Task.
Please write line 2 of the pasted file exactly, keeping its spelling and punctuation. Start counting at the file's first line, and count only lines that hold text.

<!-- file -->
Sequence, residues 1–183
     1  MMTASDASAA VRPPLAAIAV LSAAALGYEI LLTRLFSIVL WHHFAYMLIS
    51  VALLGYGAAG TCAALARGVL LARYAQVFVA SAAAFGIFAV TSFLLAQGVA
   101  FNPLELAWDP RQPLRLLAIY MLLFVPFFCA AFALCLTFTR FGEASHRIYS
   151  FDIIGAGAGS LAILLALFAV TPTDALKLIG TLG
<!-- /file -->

     1  MMTASDASAA VRPPLAAIAV LSAAALGYEI LLTRLFSIVL WHHFAYMLIS